As a young dentist, Howard Sarembock cut his professional teeth in the city centre. Now, more than 30 years later, he had found a home for his career in the city where he loves practising.
“I’ve been privileged enough to travel the world, and there is no city that comes close to Cape Town. We have an all-in-one type of thing, like people live, work and play together and it all fits.” Howard grew up in Wellington, with lots of exposure to the medical field.
“My father was a medical doctor, and my brothers were also in medicine and I also had an uncle who was a pharmacist, so it was kind of destined.”
And so, he decided to go into dentistry. “As a youngster, I was always good with my hands so I decided to go study dentistry as a mixture of the two. After I did my military service, I graduated and bought my first practice at the age of 24 in the Foreshore.”
Howard said while he had lived in Wellington, he felt like the city was where he needed to be. “I am a very optimistic person and very ambitious, and when I walked into the space, it just felt right. I had also moved into the city at this point.” And while Howard is a well-known dentist in the CBD, he said his claim to fame were two events in his life that were not really about looking after teeth.
The first was winning a court battle with a big car dealership some 20 years ago. “I took them on because they sold me a faulty Porsche – they took two different halves of a car and turned it into one car, making it defective. After I won the case, I became fondly known as ‘the Porsche dentist’.”
And the second happened through his love of sport, when he met South African rugby player Breyton Paulse at a game overseas.
“I was introduced to Breyton and he was one of my birthday surprises in the past – like a celebrity guest. One time, he introduced me to the team, and we had made the first proper gum guards for them. Breyton and I are still close.”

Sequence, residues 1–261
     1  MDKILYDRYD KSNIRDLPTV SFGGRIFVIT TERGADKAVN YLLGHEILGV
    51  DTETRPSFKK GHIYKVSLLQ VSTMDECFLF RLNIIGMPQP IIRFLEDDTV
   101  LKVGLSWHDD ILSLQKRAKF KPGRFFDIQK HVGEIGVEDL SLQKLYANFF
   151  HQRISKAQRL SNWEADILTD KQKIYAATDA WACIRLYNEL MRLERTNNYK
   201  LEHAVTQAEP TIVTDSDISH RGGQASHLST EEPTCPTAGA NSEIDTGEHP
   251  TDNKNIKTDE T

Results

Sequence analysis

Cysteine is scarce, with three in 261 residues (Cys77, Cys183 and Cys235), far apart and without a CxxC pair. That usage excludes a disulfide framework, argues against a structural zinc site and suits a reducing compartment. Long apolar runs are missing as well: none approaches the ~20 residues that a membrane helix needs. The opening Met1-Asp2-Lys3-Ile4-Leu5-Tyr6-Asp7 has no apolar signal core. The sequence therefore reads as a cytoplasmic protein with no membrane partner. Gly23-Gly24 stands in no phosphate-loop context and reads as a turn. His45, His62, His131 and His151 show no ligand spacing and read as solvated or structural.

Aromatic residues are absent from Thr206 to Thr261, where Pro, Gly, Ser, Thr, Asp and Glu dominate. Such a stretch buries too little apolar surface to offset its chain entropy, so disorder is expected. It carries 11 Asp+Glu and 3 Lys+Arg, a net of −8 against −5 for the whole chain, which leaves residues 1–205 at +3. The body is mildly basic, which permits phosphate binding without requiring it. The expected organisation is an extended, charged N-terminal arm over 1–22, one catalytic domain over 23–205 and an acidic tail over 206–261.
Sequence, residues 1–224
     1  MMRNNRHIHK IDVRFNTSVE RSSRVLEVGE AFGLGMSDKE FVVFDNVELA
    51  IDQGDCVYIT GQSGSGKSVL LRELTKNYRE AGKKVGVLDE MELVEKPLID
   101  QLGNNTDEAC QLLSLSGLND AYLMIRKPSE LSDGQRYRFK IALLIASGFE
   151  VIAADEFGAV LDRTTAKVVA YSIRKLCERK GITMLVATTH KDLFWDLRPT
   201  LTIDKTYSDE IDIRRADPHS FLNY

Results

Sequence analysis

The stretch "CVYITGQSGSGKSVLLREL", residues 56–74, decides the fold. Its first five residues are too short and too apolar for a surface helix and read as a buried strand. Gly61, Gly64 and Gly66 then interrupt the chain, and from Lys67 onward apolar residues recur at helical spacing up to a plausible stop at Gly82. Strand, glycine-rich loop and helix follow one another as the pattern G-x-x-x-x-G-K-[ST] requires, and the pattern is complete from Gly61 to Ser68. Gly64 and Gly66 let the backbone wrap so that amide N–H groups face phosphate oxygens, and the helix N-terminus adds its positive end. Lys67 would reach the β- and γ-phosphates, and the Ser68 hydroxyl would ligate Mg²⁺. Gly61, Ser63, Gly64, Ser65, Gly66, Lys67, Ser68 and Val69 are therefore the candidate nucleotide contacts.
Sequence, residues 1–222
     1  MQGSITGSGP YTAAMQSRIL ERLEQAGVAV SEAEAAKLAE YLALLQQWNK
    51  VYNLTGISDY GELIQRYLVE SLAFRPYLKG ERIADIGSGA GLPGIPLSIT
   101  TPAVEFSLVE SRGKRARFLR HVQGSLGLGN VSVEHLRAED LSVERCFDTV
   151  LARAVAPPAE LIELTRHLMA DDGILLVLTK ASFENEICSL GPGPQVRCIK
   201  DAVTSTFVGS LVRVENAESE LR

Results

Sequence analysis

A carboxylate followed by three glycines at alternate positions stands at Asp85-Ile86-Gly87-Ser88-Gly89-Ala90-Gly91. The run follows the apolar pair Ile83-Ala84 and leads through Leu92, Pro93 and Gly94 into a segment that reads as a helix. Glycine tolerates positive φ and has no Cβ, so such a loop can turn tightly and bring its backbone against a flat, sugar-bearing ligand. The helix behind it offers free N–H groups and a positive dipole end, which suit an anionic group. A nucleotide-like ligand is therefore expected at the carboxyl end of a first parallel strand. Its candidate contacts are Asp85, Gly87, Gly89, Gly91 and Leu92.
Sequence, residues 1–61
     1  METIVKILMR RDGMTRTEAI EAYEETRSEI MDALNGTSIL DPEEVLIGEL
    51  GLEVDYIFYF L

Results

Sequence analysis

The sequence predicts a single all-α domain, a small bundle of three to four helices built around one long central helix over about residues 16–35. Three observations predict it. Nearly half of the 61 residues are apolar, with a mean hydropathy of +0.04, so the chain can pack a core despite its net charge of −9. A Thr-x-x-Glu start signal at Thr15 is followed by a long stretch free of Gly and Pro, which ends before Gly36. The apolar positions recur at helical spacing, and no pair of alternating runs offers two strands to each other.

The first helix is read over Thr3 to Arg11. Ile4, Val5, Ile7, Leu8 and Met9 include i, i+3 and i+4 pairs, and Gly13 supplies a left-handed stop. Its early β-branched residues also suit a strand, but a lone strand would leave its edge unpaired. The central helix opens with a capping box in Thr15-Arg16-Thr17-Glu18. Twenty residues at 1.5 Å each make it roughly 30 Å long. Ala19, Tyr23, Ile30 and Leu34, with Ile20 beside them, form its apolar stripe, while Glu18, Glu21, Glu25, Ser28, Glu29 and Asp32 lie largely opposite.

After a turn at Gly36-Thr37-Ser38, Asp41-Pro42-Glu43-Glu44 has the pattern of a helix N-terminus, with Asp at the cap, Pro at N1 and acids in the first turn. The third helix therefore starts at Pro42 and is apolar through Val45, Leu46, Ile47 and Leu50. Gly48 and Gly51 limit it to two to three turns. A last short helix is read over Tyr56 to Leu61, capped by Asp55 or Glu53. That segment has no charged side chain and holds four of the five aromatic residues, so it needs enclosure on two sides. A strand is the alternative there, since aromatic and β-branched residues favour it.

He said one of the perks of his work is meeting people from all walks of life. “The tourists are always shocked at the quality of work that we do, and they are very friendly. The regulars come in and they give you a hug and you chat to them and it creates a warm environment. It becomes very personal for me.”
He said it was important for patients to feel calm, because many are very scared of visiting the dentist. “I base my practice on preventative dentistry, so when my patient comes back and there is nothing wrong with their teeth, it restores confidence and takes that fear away.”
While Howard has opened another surgery in Sea Point, he said his dream was to have a children’s surgery made up like a theme park. “I want to incorporate cartoon characters and things, so that it doesn’t look like a surgery. It’s important to make my patients comfortable, and especially the children.”
Asked about the dental industry, Howard said it was not as lucrative as it used to be. “Materials are expensive, and so is equipment. I feel like dentists should find a strength, or a field of expertise, and then work together. It’s hard to be in your own practice when you can offer a wide scope of services and then share the cost.”